By Asha Ganpat
Through Nov. 5
73 See Gallery
73 C Pine St.
By GIOYA MCRAE
For Montclair Local
Trinidad-born Montclair resident Asha Ganpat has been selling her art since fifth grade. Ganpat knew as far back as kindergarten that she wanted to be an artist and a professor, and has accomplished both goals.
Speaking of the first work she created, Ganpat said, “In fifth grade I sold a cubist portrait of a woman’s face in red. The collector said he was confident that he made a really good investment. If the painting looks the way I remember it, I don’t know what he saw.”
Ganpat’s current exhibit, at the 73 See Gallery on Pine St., reveals what the collector saw: The collection, named “Booty,” highlights her talents and the public’s greed.
Shortly before a reception at the Gallery before the opening on Sept. 23, the author artist explained her concept: “Booty is about gold. It’s about that which we value that maybe doesn’t have any value other than we want it.
“It refers to a pirating term where you want it so you take it. We have, as humans, a very strong relationship of that sort with the world around us. We want things and then we take them.”
The exhibit, which runs through Nov. 5, includes an intriguing mix of artwork. “Liquids” is a collection of 30 compositions of
liquids, graphite and gold leaf on paper. “Wishes” are edible sculptures made of sugar and gold.
Although the artwork Ganpat would say she is most proud of would probably change by the hour or the day, in this exhibition, she said, she favors “Altar,” a triptych of ritualistic objects.
Even for an artist as prolific as Ganpat, challenges arise. The hardest, she said, is “finding time to make the work, a good place that will let your mind get to the business of it. Most of … art-making is really a philosophical thing, a bunch of decisions about the visual conversation you want to have with the viewer when you’re not going to be able to be there.”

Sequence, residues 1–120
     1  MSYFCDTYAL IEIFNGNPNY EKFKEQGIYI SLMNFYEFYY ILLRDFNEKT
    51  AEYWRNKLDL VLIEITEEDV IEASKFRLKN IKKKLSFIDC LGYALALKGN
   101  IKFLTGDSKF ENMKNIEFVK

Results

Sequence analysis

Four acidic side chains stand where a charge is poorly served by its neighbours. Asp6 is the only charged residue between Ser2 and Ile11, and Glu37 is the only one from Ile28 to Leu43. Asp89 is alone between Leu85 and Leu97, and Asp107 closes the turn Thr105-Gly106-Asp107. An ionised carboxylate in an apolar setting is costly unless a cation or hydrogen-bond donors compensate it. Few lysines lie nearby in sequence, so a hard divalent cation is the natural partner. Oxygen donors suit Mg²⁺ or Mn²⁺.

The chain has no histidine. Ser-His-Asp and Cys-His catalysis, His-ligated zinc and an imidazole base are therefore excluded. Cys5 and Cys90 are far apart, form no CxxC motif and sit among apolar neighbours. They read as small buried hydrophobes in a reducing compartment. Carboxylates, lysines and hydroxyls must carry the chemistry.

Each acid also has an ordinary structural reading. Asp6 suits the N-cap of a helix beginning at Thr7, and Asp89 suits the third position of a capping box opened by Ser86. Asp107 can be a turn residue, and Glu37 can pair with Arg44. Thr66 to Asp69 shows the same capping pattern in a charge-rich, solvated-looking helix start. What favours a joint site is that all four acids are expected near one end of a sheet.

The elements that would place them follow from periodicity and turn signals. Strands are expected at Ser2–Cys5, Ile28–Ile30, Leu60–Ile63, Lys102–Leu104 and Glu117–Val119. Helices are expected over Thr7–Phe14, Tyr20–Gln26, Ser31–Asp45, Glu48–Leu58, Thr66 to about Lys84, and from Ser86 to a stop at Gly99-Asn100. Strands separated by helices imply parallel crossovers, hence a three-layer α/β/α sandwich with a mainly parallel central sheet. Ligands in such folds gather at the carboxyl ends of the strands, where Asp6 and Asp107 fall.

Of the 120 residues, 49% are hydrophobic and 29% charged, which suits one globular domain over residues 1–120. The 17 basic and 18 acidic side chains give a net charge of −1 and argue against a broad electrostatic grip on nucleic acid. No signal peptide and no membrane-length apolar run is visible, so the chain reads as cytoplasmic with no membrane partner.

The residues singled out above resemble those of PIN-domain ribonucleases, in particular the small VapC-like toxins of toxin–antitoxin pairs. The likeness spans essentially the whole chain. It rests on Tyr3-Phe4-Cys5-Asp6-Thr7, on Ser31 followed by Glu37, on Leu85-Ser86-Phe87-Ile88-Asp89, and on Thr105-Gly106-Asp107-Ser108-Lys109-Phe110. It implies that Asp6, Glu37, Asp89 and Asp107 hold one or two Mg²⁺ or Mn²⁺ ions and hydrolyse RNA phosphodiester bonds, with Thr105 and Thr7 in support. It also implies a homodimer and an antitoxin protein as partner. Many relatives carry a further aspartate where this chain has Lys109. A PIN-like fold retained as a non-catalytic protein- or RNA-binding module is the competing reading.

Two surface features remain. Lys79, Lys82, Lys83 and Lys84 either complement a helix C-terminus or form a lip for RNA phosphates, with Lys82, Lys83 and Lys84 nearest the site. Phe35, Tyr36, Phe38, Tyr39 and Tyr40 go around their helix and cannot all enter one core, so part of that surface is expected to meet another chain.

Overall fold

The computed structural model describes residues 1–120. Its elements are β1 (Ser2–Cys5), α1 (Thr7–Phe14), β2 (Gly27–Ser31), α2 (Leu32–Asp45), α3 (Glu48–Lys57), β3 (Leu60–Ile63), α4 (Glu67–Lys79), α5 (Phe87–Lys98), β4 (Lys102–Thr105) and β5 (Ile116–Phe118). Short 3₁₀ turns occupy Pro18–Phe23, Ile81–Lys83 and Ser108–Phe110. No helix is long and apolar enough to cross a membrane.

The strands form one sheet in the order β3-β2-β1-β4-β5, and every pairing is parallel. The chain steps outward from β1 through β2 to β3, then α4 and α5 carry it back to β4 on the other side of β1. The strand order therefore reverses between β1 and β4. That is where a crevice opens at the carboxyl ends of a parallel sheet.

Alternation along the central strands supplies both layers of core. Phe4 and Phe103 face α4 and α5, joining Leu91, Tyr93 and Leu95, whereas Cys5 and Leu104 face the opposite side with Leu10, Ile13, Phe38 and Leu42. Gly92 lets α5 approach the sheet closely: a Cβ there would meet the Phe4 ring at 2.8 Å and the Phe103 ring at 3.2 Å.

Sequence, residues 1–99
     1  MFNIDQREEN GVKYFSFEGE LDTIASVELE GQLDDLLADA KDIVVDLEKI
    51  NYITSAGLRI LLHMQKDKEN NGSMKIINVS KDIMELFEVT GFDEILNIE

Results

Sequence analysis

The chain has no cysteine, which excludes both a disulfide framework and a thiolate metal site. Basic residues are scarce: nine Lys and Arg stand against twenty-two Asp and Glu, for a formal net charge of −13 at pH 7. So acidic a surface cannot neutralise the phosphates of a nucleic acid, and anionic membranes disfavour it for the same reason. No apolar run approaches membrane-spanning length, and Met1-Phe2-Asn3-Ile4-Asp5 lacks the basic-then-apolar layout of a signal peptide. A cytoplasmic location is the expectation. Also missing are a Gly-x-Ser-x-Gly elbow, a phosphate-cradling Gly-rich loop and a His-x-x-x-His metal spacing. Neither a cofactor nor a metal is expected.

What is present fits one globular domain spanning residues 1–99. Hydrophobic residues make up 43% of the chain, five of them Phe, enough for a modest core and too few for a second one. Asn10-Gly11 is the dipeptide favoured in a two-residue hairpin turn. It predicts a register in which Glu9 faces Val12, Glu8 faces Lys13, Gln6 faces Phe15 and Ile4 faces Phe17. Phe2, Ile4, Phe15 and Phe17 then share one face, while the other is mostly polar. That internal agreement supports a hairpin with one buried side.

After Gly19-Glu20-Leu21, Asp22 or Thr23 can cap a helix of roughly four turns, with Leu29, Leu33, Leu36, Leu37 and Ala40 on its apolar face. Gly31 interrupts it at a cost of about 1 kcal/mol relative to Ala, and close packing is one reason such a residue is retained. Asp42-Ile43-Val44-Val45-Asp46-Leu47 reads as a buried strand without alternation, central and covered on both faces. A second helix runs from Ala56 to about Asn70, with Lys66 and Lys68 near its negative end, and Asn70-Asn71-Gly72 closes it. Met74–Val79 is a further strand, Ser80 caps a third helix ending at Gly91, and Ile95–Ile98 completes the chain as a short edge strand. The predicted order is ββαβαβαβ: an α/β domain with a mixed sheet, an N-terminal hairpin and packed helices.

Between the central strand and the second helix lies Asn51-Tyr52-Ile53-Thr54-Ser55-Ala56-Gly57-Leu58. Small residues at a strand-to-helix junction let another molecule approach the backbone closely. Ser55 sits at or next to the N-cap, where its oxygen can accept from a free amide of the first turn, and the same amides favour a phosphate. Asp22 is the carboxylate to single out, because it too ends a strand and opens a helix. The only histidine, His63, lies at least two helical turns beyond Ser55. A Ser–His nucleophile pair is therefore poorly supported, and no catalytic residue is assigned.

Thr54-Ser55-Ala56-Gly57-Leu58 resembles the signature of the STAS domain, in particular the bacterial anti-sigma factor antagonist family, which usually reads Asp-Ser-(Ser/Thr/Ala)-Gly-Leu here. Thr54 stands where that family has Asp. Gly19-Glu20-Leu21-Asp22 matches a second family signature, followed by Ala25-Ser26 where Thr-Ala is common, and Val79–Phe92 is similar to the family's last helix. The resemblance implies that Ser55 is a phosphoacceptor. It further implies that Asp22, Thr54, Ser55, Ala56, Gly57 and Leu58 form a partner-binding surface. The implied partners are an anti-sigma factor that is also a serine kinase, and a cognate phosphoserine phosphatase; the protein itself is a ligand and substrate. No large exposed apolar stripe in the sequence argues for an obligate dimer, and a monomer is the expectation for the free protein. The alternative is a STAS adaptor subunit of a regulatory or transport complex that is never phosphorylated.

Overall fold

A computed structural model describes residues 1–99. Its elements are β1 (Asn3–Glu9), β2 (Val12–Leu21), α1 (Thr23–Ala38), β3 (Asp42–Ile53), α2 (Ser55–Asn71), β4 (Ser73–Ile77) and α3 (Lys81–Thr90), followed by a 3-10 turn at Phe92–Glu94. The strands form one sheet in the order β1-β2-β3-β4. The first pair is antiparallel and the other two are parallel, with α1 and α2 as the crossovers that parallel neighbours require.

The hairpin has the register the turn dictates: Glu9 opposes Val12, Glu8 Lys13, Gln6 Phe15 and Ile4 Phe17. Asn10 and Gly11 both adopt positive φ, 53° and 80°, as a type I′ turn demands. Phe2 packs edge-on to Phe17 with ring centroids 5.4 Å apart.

Because the artist’s heritage is primarily Indian and German with some French, Irish and English in the mix, race plays a part in her work. “It reflects in my art because of my place in the stratosphere of the imaginary thing of race. Because it doesn’t really exist, we just make a thing of it. I suppose it maybe opens some doors and closes some others,” she said.
Disparity in the art world frustrates her: “I guess there are a lot of great things and a lot of frustrating things. Definitely still the inequalities in exhibitions. A big pet peeve for me is that we are still seeing the same groups marginalized. Women are still getting fewer shows. Women are in fewer collections. People who don’t come from wealthy backgrounds tend to have to really struggle.”
As with many creative people, Ganpat’s creative energy is not limited to visual art. She also writes micro fiction, short stories of 1,000 words or less, “because I’m impatient and I like to be done,” and enjoys karaoke.
Ganpat also prefers making art to having it. Art as booty is not for her. She said with a smile, “I like to look at art, but I don’t like to have to take care of it. I like looking at art. I want it to keep existing. I want access to it. Someone else can take care of it.”
Fortunately for art lovers, Ganpat does not experience the creative blocks many artists endure. “I’m very lucky. I would never have enough time to make anywhere near the number of ideas that I have.”